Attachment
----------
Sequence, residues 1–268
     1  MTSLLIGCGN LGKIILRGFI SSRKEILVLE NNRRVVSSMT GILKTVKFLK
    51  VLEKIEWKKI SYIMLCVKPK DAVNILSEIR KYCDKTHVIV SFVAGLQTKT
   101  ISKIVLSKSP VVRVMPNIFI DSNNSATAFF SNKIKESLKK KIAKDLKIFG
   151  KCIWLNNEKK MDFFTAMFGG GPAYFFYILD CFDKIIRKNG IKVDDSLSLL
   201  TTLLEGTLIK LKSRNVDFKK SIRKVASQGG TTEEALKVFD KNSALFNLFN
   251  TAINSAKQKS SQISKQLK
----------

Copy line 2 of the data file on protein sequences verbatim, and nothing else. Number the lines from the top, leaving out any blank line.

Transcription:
     1  MTSLLIGCGN LGKIILRGFI SSRKEILVLE NNRRVVSSMT GILKTVKFLK